No complain about the rest of Windows 8 which still have the old paradigm, just Metro app I complain about.
    lepoete73
    • But it is okay paying apple for the

      But it is okay paying apple for the same thing, as long as it is not MS. If you are deloping your app for the metro, that means your are developing for mobile apps like the phone and tablets, for those devices, google and apple take cuts, why not MS? If your argument is that your app is for the desktop which you deemed should be opened, then write your software as you would for win7 using the desktop installation mode through your download site or reseller site, that mode is still very alive in win8.

      So what walled garden are you still referring to?
      Alfred Soyemi
      • and if he did that

        no one with a windows RT tablet would be able to download his app. so, assuming windows RT does well (which I'm doubtful of, but that's a separate issue), it's totally pointless for him to make a metro app that can't run on windows RT.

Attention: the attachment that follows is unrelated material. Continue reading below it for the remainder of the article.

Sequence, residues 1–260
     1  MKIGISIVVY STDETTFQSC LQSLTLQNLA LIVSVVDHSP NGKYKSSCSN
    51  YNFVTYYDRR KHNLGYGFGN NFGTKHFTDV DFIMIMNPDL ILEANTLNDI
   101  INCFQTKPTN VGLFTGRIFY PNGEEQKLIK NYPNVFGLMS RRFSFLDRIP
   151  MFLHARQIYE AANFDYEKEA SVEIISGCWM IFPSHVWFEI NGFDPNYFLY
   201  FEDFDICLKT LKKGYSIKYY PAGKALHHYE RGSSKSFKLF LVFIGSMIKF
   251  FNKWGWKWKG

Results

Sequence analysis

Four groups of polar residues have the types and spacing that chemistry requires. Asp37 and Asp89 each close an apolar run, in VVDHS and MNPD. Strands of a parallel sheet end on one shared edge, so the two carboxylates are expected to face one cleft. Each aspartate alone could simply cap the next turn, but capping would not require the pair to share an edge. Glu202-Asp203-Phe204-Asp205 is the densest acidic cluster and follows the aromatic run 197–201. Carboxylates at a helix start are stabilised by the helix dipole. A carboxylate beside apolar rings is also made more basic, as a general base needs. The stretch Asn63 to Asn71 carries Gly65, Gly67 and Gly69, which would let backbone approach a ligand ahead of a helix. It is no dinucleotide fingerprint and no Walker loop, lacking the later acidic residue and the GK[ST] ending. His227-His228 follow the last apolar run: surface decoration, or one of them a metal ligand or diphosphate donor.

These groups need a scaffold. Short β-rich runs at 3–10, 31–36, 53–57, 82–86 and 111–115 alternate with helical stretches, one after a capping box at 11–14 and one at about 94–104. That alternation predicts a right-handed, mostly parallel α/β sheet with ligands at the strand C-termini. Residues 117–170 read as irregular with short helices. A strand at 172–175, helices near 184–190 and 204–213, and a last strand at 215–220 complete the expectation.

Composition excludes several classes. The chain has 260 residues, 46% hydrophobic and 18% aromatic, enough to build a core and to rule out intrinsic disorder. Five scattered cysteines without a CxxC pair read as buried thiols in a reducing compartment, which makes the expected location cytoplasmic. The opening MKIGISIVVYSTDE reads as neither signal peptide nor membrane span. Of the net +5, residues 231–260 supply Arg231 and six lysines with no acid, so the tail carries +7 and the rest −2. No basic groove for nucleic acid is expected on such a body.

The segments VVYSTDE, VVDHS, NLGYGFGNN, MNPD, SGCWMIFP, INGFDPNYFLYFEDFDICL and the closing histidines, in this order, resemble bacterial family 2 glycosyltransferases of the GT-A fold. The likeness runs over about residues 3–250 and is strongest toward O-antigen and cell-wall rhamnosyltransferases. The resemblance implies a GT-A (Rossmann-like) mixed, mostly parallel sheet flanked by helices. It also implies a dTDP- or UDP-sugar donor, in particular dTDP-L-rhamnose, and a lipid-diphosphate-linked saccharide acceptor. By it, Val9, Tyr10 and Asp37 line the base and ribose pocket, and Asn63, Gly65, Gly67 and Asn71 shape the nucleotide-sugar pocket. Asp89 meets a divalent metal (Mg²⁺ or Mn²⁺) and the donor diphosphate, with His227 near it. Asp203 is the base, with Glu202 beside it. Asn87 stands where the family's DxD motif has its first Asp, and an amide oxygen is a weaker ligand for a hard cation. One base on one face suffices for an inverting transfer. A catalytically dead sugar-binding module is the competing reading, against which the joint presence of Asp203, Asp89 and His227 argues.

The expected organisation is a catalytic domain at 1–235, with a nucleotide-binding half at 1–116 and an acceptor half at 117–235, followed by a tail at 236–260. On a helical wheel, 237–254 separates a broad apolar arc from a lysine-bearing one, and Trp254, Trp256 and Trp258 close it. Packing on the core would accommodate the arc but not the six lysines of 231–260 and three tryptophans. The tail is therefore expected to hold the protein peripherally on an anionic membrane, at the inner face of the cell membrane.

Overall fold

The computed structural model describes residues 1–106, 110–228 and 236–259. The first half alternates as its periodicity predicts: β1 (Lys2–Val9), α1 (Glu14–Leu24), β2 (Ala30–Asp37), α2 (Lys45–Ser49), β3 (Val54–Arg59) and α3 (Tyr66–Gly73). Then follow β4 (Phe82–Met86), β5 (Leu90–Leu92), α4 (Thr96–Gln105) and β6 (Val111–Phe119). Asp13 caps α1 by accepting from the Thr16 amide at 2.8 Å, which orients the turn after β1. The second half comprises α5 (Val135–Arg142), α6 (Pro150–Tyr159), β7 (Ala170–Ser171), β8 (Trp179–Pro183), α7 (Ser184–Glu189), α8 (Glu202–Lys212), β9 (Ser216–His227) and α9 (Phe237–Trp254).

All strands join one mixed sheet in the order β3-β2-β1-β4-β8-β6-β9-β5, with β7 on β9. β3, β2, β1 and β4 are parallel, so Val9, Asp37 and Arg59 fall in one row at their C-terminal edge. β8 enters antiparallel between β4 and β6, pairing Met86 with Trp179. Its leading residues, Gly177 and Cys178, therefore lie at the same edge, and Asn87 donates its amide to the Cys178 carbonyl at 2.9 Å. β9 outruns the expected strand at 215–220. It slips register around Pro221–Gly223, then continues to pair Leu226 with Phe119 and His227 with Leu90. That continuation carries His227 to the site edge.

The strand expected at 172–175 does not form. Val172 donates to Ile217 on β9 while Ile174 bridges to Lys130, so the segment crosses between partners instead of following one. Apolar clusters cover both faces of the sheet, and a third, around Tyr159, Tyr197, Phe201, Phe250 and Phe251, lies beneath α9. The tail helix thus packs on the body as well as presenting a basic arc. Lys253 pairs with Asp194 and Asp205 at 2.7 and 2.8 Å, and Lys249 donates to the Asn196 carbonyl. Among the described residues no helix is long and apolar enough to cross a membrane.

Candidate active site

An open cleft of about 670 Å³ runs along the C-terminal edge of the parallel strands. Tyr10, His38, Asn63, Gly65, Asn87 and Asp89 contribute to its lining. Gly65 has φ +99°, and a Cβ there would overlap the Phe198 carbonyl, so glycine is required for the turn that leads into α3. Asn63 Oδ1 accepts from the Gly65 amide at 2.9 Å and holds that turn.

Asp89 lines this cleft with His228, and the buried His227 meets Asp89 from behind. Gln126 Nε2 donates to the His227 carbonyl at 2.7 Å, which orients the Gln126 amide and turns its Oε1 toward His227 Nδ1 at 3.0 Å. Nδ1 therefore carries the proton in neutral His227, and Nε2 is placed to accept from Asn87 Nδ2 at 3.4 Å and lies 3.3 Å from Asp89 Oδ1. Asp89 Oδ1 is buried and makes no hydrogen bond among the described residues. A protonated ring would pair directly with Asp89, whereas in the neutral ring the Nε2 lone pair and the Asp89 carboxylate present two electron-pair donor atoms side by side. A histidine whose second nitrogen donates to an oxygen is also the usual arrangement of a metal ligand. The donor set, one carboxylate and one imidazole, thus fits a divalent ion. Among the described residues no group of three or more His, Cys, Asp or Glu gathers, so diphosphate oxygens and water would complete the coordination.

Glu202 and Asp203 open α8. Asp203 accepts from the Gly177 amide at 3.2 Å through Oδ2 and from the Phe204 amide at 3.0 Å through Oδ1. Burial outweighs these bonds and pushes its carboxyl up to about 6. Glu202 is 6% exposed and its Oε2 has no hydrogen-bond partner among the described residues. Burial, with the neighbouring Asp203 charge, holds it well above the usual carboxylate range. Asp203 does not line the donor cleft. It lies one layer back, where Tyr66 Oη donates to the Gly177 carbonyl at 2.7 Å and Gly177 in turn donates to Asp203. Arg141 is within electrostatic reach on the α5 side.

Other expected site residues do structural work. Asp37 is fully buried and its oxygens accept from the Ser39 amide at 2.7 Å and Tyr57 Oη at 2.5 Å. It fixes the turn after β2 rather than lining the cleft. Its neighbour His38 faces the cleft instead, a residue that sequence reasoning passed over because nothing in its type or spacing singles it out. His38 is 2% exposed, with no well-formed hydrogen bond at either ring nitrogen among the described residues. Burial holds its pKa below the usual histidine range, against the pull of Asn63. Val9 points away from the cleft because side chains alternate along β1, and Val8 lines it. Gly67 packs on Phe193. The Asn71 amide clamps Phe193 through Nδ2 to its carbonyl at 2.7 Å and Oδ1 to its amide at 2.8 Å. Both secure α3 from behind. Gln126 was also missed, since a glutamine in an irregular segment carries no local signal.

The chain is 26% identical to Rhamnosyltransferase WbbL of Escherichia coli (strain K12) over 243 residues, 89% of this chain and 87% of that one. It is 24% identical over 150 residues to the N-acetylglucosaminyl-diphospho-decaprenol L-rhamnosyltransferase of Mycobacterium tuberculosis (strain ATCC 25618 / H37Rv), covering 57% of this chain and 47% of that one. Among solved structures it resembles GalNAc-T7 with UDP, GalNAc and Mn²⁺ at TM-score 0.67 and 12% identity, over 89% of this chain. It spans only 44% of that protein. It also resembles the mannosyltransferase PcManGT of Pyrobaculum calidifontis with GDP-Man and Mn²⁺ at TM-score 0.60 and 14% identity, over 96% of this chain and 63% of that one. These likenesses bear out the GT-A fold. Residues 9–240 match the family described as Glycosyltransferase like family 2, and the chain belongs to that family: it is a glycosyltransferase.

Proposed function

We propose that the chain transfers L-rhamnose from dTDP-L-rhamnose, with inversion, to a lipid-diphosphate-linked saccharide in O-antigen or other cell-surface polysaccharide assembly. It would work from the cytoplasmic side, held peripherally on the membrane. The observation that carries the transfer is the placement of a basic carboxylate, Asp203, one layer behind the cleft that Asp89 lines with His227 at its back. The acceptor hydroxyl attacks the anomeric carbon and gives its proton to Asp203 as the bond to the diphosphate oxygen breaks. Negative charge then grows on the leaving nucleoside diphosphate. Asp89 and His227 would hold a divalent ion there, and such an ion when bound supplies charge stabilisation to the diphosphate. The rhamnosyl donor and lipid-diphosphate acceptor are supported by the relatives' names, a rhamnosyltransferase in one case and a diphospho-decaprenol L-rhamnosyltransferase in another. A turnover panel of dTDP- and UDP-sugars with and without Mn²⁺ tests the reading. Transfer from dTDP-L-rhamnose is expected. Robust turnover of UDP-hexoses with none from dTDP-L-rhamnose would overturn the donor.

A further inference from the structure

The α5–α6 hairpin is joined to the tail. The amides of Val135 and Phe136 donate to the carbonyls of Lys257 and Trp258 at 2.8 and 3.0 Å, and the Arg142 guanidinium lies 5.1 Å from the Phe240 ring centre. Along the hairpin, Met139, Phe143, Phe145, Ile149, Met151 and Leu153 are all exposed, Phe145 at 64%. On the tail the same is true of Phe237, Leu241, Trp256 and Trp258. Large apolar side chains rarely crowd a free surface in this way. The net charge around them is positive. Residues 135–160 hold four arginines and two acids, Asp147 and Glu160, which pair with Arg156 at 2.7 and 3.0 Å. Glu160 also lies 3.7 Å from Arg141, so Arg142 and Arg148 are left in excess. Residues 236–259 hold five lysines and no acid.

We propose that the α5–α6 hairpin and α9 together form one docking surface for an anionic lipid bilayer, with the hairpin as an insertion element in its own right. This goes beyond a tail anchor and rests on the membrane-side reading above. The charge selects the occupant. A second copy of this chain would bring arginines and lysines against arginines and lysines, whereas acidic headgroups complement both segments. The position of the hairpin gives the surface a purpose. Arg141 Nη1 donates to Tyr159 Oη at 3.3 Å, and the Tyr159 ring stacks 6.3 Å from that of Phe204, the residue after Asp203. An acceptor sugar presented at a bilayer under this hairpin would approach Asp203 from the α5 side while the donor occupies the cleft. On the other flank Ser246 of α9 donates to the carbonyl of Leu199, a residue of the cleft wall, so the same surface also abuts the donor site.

theoilman
        • PLS Read reziol comment below

          Also, I hope you are aware that "windows RT tablet" you alluded is part of the mobile devices I was talking about.
          But I do believe that reziol below even expanciated better than I did in his article titled "Read the article again"
          I can only hope that folks get pissed up with MS or any other company for that matter for a justifiable reason which in this case and on this particular subject I find lacking.
          Alfred Soyemi